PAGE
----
On Friday we looked at some very popular picture books that you just might find under your tree. Some of them are better than others, but in the spirit of I Cor. 12:31 I’d like to suggest a more excellent way to get the Christmas message across with picture books. So allow me to roll out . . .
In hundreds of thousands of churches all over the English-speaking world this month, the Christmas story will be read aloud in the classic phrases we recognize from our childhood. The text can hardly be improved upon: “In the days of Herod, the king of Judea, there was a virgin espoused to a man named Joseph . . .” Some words may want a little explanation, such as espoused, privily, sore afraid, but the text in combination with the pictures is easily understood.
The illustrations are the selling point. Pamela Dalton is known for her skill in Scherenschnitte, a form of paper-cutting originating in Germany and perfected among the Pennsylvania Dutch. The conventions of Scherenschnitte include symmetrical patterns, flower themes, and stately, formalized human figures tinted in watercolor. The effect is a blend of late-medieval portraiture and west-European primitivism–a style that fits perfectly with the classic rhythms of the KJV. The angels are a bit too tame for my taste—though what artist could depict an actual angel—but they bear the remote countenance that might be expected of a heavenly being, unlike the friendly, blurry angels of much contemporary children’s lit. Joseph is pictured as an old man, in keeping with Catholic tradition, and no character looks particularly Jewish or middle-eastern. In fact, there’s a particularly German, Hummel-esque look about some of the figures.
The text has been cut and pasted between the accounts of Matthew and Luke. Most of the cuts are is understandable, such as leaving out some of the historical and geographical information to help the narrative flow, and omitting the Zechariah/Elizabeth narrative to keep the story simple. A few omissions I don’t understand, such as leaving out “filled with wisdom” from Luke 2:40. There might have been word count restrictions.
But for a straightforward, largely unsentimental version of the nativity story, The Story of Christmas should be a welcome addition to the family library. Children will be fascinated with the scissor technique, especially in regard to angel wings, but their most favorite page spread is likely to be the one depicting the family’s flight to Egypt—a dramatic series of tableaux showing pursuit by soldiers and danger from wild beasts (including a snake: a reference to Gen. 3:25?).
The world was about to change forever. And it almost went by unnoticed . . . But the leaves, that night, rustled with a rumor. News rang out across the open fields. A song drifted over the hills . . .
All nature is a-stir. Over moonlit snow-swept landscapes, in deep green forests and ocean depths, across salty beaches and teeming rivers, deep in the grass and shimmering on the deserts, on jungle savannas and shadowed valleys—every creature that crawls or scurries or bounds or leaps or flies knows one thing: “It’s time!” Even the stars in the heavens gather in anticipation of their “bright and morning star” and the lowly sheep on the hillside get ready to welcome their good shepherd.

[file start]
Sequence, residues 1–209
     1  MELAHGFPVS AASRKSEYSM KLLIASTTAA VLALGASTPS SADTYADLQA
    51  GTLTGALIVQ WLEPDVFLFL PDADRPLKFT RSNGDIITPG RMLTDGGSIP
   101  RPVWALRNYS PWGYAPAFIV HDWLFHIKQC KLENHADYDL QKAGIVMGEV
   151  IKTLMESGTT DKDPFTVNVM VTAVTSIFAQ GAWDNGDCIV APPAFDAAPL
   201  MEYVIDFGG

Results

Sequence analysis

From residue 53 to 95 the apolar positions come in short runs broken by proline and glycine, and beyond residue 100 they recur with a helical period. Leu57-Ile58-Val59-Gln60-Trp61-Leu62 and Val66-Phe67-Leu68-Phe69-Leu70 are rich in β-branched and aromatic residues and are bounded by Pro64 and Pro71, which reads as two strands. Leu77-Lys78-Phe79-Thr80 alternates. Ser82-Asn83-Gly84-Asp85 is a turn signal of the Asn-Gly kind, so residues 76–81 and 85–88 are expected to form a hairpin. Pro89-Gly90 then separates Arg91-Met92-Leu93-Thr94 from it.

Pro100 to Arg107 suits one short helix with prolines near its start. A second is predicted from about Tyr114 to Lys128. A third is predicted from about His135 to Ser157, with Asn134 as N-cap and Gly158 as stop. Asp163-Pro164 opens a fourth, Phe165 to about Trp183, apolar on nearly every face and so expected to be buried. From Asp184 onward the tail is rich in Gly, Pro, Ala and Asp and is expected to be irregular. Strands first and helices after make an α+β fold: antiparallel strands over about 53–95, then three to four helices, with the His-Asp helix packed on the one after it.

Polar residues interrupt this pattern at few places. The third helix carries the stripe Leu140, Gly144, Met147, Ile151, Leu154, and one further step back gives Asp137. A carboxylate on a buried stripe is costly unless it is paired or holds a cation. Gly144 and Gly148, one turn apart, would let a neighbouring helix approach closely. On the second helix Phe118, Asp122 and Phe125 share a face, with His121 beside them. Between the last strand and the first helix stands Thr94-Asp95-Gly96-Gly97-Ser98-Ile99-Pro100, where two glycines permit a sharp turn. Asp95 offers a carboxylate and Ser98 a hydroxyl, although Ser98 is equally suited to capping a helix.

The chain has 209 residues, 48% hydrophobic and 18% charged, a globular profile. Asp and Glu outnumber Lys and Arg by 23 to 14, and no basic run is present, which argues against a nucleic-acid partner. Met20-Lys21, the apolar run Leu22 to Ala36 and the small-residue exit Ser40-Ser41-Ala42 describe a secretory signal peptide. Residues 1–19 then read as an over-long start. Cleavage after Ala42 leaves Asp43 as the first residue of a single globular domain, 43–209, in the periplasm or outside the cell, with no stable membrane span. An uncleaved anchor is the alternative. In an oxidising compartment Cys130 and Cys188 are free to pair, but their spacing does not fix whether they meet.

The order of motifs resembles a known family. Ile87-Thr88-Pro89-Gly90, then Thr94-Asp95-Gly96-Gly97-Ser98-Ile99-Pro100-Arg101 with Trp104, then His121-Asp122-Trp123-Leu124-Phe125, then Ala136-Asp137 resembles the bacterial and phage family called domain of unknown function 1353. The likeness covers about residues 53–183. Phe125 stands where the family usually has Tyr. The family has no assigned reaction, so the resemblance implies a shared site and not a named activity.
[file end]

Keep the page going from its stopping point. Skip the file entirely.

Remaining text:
What is it time for? Over several page spreads showing various corners of the earth and its creaturely inhabitants, anticipation builds and builds until the focus slowly swings around to one spot: And in a little town in a little shed in a little window a candle flickered in the dark./And a tiny cry rang out in the night air.
Last Friday, we wondered how to get the enormity of the incarnation over to little children. It’s hard enough for us to grasp; how can we get our little ones to lift their comprehension from standard-issue angels in the sky and adorable animals around the manger? Our culture as a whole loves Christmas: the sparkle and anticipation, the dewy connections with childhood memories, the generic hopes of peace on earth. But they don’t love Christ, because they don’t know Him. They don’t have a clue. Song of the Stars opens a little door in a little mind, a glimmer of understanding that this event was promised from the very beginning, even embedded in the earth’s DNA so that all nature waits in eager anticipation (Rom. 8:19) for the glory of God’s sons to be revealed. It all starts with God’s Son: what child is this?
Alison Jay’s illustrations are done in primitive, board-painting style, distinguished by tiny cracks in the surface. Children will enjoy comparing and identifying the animals in their habitats, but it was near the end that my heart stopped. This is the painting of the little baby lying on a bed of straw “wrapped in rags.” The infant’s swaddling bands resemble the loincloth Christ is usually depicted as wearing on the cross, and his hands are at his sides, weak and vulnerable. Few if any children will catch that reference, but they may catch the beautiful paradox of the closing words: The One who made us has come to live with us!
Heaven’s Son sleeping under the stars that he made.
In short: Get this book.
Oh, and a p.s.: Last Friday I reviewed The Crippled Lamb, a Christmas story by Max Lucado. For a realistic if humorous view of sweet little lambs I love Sneaky Sheep, by Chris More, reviewed here. Do you have any recommendations for Christmas read-alouds you can share with us? Please let us know in the Comments section. And tune in tomorrow for an abundance of further picture book recommendations!